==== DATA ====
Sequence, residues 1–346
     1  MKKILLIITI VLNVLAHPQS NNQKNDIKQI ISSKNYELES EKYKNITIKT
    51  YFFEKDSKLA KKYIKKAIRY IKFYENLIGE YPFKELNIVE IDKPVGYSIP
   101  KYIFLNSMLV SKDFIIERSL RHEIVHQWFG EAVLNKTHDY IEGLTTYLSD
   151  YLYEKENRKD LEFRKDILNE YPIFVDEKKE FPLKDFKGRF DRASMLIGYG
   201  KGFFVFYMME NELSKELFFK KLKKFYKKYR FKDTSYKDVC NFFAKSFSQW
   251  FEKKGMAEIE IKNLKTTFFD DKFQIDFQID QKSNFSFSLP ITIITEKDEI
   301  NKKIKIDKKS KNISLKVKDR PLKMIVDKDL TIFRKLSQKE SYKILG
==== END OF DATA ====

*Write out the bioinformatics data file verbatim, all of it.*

Sequence, residues 1–346
     1  MKKILLIITI VLNVLAHPQS NNQKNDIKQI ISSKNYELES EKYKNITIKT
    51  YFFEKDSKLA KKYIKKAIRY IKFYENLIGE YPFKELNIVE IDKPVGYSIP
   101  KYIFLNSMLV SKDFIIERSL RHEIVHQWFG EAVLNKTHDY IEGLTTYLSD
   151  YLYEKENRKD LEFRKDILNE YPIFVDEKKE FPLKDFKGRF DRASMLIGYG
   201  KGFFVFYMME NELSKELFFK KLKKFYKKYR FKDTSYKDVC NFFAKSFSQW
   251  FEKKGMAEIE IKNLKTTFFD DKFQIDFQID QKSNFSFSLP ITIITEKDEI
   301  NKKIKIDKKS KNISLKVKDR PLKMIVDKDL TIFRKLSQKE SYKILG